ENTERTAINMENT
December 8, 1996 | Suzanne Muchnic, Suzanne Muchnic is The Times' art writer
'California, from an eastern perspective, has generally been seen as another country on the far edge of America, only tenuously attached to what is understood as Western civilization," Paul J. Karlstrom writes in the introduction to a new book on art in California. Furthermore, because the state has been identified with Hollywood and popular culture, it has been denied its rightful place in the mainstream of Modernism, he argues.
ENTERTAINMENT
August 4, 1991 | NANCY KAPITANOFF, Nancy Kapitanoff writes regularly about art for Westside/Valley Calendar.
Pushing the boundaries of what is typically considered photography, the Gallery at 817 has organized "Los Angeles Emerging Artists Exhibition," a show of photography-based work by 13 artists, half of them women, who are not formally represented and have not exhibited extensively in the Los Angeles area. For this show, the gallery put out an open call for slide submissions in Artweek and at colleges and art schools in the area.
ENTERTAINMENT
March 1, 1991 | SUVAN GEER, SPEICAL TO THE TIMES
Approachable Abstractions by David Lloyd The fluid, dynamic shapes of David Lloyd's abstract paintings are about the most energetic, entertaining and playful romps to demystify abstraction since Elizabeth Murray. Unlike Murray, however, Lloyd's works draw their approachability not from Pop cartoonishness, but from the slippery, organic plasticity of nature.
ENTERTAINMENT
August 1, 1990 | WILLIAM WILSON, TIMES ART CRITIC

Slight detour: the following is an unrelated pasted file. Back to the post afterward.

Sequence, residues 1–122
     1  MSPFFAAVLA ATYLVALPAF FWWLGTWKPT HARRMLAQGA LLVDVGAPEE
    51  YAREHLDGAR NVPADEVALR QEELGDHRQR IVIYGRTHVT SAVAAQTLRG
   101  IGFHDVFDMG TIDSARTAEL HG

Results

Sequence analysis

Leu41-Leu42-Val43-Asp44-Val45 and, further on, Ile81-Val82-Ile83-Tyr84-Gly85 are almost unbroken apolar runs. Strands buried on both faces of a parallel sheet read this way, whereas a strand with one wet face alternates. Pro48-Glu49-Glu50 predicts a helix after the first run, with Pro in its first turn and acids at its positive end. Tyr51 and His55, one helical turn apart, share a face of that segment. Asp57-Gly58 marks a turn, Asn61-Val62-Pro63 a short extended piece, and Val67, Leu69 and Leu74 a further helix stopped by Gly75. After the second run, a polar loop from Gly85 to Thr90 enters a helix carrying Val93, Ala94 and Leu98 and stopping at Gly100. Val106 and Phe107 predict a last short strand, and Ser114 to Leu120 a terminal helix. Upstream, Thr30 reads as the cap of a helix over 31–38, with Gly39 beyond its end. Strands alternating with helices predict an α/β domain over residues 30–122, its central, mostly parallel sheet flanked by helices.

Los Angeles is once again in throes of dubious delight, calling itself America's second-most important art center and waiting nervously for somebody to laugh. That last happened in the '60s when the town dawned on the world as a hot-rod hotbed for flashy contemporary art. By now a lot of folks tend to think that time was the genesis if not the exodus of the whole L.A. enchilada. It wasn't.
NEWS
September 5, 1991 | LEO SMITH, TIMES STAFF WRITER
You were probably sitting there, twiddling your thumbs, thinking about nothing in particular, when some questions popped into your head: "Were there any modernist artists in Los Angeles? And if so, what impact did they have on the entire American art world and on the formation of Los Angeles as a city?' Well, you can stop twiddling.
ENTERTAINMENT
December 18, 1998 | CATHY CURTIS, TIMES STAFF WRITER
In a painting from the mid-1930s, a shirtless John Steinbeck kneels on the beach, poking moodily at a rock with a stick, utterly oblivious of the nude woman behind him who dries her long hair. As the waves move closer to shore and the sun hangs low in the summer sky, a couple embrace, a bearded man relaxes with a drink and a woman in a red dress strums her guitar.